|Installing a Tower|
At some time in every Amateur's life, there comes a
time when thoughts turn to towers. Antennas always need some type of
structure to elevate them. Some hams use nearby trees or the old TV mast.
Push Up poles are still available and work well due to their ability to
telescope into shorter sections. With satellite TV almost a requirement in
rural areas, many towers have been taken down and reused for other purposes.
When I was a Novice back in the 1970's, a person one block over from me wanted to take their CB tower down. They tried to lower a 150 ft. tower by cutting the bottom and lowering it with a pickup truck. Naturally this was a disaster. I missed the actual event but, it was a site to see I'm sure. Me and a buddy were able to pick though the wreckage to get about six good sections. This gave us three sections each to use at our stations. I was young and it was really not that difficult to put that amount of tower up myself. Thirty feet of tower worked pretty well for me and my meager novice setup.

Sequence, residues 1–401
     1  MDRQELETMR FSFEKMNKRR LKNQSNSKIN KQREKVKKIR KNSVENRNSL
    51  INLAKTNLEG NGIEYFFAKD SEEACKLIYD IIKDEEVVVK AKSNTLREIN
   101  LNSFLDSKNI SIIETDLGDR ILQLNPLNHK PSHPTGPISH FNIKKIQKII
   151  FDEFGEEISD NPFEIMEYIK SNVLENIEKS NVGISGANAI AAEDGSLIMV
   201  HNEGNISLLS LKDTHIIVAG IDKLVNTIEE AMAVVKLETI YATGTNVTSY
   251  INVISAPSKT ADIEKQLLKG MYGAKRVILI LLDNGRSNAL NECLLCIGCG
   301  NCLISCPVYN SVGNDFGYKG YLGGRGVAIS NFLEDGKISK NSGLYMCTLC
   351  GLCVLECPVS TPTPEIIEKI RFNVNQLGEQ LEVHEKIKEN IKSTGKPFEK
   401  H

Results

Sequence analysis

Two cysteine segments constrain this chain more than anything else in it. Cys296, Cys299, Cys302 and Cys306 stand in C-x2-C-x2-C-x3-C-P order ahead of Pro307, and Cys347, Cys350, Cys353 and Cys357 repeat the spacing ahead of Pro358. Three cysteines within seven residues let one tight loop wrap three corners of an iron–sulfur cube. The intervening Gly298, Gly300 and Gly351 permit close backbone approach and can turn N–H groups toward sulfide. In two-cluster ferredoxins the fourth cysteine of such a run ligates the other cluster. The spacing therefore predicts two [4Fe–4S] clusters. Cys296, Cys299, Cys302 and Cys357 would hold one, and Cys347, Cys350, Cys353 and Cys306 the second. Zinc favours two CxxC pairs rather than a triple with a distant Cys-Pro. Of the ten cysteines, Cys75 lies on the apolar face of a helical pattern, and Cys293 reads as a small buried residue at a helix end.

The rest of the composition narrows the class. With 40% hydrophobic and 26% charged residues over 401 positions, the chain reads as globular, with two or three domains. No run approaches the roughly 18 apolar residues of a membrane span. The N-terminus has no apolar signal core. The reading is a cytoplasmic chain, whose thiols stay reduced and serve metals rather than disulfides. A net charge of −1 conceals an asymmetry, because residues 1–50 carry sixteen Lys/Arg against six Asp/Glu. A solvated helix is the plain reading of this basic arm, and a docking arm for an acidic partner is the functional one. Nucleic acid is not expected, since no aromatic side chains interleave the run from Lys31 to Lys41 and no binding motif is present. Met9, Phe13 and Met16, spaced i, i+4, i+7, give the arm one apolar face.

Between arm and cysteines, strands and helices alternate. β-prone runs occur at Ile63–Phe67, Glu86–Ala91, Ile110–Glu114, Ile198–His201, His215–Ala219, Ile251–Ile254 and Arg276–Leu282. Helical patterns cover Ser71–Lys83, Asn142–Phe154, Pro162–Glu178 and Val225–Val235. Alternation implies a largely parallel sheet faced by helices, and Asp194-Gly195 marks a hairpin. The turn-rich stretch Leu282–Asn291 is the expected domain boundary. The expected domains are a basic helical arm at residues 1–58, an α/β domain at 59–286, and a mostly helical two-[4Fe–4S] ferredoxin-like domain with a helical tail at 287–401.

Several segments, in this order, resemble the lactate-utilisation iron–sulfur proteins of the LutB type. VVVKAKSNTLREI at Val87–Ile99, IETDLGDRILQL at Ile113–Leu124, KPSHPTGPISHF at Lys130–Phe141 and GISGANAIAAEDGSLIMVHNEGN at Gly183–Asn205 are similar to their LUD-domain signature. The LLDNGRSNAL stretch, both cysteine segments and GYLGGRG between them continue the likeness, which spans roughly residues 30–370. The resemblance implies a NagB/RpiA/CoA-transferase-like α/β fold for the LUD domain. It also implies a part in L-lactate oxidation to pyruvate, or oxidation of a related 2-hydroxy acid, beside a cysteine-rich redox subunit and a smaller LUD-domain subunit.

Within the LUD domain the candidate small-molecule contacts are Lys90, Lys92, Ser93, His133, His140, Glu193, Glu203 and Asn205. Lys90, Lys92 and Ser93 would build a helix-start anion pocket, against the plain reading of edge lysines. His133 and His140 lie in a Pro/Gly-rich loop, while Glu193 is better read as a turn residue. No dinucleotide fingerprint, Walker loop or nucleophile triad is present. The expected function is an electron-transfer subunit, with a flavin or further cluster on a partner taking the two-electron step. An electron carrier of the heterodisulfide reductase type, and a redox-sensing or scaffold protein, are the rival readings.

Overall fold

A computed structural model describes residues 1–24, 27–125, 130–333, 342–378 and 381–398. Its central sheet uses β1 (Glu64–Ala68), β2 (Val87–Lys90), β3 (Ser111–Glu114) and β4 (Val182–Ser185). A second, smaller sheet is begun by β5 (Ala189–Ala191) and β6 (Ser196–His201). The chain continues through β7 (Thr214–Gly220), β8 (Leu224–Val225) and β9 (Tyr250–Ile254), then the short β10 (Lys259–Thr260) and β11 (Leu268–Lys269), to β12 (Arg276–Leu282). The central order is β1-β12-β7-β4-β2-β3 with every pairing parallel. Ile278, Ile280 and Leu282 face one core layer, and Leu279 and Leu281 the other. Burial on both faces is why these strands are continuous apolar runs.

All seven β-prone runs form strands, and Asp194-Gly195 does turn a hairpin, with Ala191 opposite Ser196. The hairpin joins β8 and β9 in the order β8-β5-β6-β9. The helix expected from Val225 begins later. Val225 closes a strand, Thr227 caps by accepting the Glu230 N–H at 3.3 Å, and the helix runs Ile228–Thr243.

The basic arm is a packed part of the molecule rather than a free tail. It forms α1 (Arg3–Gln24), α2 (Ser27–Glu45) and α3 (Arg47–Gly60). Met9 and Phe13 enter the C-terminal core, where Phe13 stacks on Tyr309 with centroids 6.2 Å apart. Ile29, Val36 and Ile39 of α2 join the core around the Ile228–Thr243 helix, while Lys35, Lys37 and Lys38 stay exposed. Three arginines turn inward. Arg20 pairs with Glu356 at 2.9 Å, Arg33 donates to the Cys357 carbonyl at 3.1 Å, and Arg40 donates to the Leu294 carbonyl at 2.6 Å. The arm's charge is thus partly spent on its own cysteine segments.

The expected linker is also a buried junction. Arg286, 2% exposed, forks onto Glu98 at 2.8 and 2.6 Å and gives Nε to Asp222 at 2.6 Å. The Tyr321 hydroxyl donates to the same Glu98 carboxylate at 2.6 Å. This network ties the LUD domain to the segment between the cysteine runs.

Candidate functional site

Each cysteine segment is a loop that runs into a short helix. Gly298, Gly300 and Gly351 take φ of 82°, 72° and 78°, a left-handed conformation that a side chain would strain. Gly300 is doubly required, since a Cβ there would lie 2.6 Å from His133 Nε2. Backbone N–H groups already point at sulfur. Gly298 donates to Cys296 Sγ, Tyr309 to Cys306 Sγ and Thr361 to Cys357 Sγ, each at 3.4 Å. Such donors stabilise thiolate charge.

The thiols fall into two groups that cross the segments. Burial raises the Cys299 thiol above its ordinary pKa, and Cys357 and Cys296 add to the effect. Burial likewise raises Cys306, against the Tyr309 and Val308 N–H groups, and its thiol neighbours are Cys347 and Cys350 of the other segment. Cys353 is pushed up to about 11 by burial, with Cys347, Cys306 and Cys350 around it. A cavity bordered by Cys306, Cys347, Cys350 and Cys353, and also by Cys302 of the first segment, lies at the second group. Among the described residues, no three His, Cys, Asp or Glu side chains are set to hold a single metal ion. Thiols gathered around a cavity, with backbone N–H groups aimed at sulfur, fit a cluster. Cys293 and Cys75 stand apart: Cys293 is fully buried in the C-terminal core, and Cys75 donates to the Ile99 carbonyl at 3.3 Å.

HF or shortwave was always my primary interest. I used wire antennas that could be attached to existing structures like buildings or poles. I lived in apartments for years and got pretty good at configuring random wire antennas. When I became a homeowner, a tower was definitely in my future. My back yard is about 100 ft. by 200 ft. with no trees and my interest in VHF/UHF had increased. Any serious VHF/UHF fanatic will tell you that elevation is a must. Also, HF antenna performance increases somewhat if they can be raised at least 50 ft. on a tower.
I have some push up poles, but I found them lacking when it came to using large wire antennas. They require extensive guying and tend to bow with too much load. These poles work well as supports to suspend the end of wire antennas though.
I got lucky and found some tower that was almost like new. It was cheap too. The only drawback was that it was Rohn 20g. Rohn 20g is about the lightest tower they manufacture. It is meant to be used unguyed with a large TV antenna. Hams have used 20g for years in amateur service and I was not planning on going up more than 40 ft. so, I decided to give it a try.